May 9, 2015

· Data · Politics · Sociology · Visualization · R

The United Kingdom’s election results are being digested by the chattering classes. So, yesterday afternoon I thought I’d see if I could grab the election data to make some pictures. Because the ever-civilized BBC has election web pages with a sane HTML structure, this proved a lot more straightforward than I feared. (Thanks also in no small part to statistician Hadley Wickham’s rvest scraping library, alongside many other tools he has contributed to the community of social scientists who use R to do data analysis.)

Here are two maps. The first is a version of the one you’ve seen showing the winning party in every constituency in Great Britain (sic: excluding Northern Ireland).

Constituencies by Winning Candidate.

British Constituencies by Winning Candidate.

The SNP sweep in Scotland; the solid Tory South; Labour strongholds in parts of London, Liverpool, and the coal-mining regions of England and Wales—you’ve seen this one already.

Now here’s an alternative map. It shows the results with constituencies colored by the second-place candidate.

Constituencies by Runner-Up Candidate.

British Constituencies by Runner-Up Candidate.

It’s eye-opening. Like the United States, the UK has a First-Past-the-Post (FPTP) election system. Those of us (like me) who grew up in countries with some kind of Proportional Representation system, whether by List or Single Transferable Vote, are generally made a bit queasy by FPTP. Proportional Representation aims to have the composition of Parliaments accurately reflect the range of support for parties. FPTP just wants to select a winner as quickly as possible. This means that in these systems there’s often a fairly substantial discrepancy between vote share and seats. A few percentage points more in total vote share can create a parliamentary landslide. This can be an advantage, of course, if what you want is certainty about who will form a government, or if you want to avoid small parties holding the balance of power. But apart from that, a consequence of FPTP systems is that the electoral base of smaller parties—as opposed to their effective political strength—is easy to underestimate just from a winner’s map.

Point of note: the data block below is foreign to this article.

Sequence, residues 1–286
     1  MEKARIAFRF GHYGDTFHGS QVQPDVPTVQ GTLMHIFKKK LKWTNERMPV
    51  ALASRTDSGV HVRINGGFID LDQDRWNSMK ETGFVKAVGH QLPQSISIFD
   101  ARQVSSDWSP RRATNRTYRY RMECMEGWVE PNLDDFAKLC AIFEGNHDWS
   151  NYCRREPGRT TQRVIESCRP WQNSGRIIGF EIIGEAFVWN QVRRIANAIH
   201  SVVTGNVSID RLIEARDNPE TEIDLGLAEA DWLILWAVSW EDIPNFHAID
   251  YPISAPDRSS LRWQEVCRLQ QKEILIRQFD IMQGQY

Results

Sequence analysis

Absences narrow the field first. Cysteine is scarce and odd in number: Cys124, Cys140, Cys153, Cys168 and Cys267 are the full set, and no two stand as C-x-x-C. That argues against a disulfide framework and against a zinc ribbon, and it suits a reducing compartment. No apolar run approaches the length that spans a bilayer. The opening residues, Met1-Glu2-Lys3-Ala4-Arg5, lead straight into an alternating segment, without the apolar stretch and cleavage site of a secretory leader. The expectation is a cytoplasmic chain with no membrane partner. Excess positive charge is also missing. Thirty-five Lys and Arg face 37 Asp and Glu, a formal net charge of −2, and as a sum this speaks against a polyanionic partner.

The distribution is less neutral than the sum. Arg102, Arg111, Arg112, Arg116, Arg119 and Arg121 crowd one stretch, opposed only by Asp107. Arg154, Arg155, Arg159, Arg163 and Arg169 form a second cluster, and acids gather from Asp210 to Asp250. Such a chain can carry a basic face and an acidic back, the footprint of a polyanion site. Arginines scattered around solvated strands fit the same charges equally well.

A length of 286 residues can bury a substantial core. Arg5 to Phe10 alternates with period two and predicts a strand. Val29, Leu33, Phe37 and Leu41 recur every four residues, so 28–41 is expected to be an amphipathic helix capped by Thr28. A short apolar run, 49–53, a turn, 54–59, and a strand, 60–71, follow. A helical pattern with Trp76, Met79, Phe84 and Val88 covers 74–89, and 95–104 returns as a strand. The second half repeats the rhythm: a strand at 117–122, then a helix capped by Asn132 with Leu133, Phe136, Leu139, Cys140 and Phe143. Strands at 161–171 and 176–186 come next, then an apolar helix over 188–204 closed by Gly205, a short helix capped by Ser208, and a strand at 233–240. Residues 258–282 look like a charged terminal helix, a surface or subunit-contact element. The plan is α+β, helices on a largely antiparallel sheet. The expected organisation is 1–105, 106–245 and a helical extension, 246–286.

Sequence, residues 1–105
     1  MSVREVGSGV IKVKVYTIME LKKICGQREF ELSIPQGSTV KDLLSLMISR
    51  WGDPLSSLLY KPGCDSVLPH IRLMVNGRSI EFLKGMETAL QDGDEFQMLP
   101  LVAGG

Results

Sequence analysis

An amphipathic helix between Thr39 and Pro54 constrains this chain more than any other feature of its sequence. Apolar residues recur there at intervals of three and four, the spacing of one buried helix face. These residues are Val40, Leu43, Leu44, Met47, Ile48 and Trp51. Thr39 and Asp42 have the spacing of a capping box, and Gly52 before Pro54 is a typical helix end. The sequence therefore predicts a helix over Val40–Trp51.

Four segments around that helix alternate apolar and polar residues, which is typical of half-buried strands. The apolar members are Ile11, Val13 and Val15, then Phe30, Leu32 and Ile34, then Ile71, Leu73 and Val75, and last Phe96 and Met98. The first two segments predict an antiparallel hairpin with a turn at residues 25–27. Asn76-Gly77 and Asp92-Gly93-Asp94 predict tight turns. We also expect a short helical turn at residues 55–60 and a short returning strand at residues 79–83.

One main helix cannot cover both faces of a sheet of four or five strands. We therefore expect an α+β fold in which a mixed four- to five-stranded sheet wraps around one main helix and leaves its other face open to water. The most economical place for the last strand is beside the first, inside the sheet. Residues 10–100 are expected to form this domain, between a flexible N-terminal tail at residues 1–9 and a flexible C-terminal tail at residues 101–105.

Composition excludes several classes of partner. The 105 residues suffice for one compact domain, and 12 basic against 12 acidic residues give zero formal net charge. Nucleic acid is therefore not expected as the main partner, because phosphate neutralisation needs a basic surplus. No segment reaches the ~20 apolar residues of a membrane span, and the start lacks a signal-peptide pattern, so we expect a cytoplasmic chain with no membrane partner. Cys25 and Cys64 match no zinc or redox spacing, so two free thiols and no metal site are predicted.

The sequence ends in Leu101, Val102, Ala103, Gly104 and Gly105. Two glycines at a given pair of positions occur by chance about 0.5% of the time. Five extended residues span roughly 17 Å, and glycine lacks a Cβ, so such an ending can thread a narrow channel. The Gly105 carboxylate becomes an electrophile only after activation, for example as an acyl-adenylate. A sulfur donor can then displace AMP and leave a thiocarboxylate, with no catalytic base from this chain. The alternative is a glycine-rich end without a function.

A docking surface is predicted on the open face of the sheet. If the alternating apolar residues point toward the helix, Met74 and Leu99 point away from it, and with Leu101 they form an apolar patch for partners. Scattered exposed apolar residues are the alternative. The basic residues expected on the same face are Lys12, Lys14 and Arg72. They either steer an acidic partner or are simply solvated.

In many British constituencies, of course, the race was straightforwardly between the two largest parties. It was Tories vs Labour, with one winning and the other coming in second. But that’s by no means the only story. In the Runners-Up map, you can see that Scotland looks much more varied than before. With fifty percent of the vote, the SNP won fifty six of the fifty nine available seats. The second place map shows a bit of the heterogeneity amongst the other half of voters. In Wales, in addition to the nationalist Plaid Cymru, you can also see the memory of Lloyd George in the support for Liberals. And it’s the South coast, Thames Estuary, and the East of England that are perhaps the most striking. There, outside of London, the uniform sea of Tory blue gives way to Liberal Democrats and strong UKIP support—just with no Members of Parliament to show for it. One wonders whether the short-term certainties of FPTP might not propel either larger and less-predictable long-term shifts, given what amounts to substantial disenfranchisement, or more competition at the level of local government.

There’s plenty more you could do with this data. The code to produce the maps (and scrape the numbers, if you’d like) is available on Github.

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I am Associate Professor of Sociology at Duke University. I’m affiliated with the Kenan Institute for Ethics, the Markets and Management Studies program, and the Duke Network Analysis Center.

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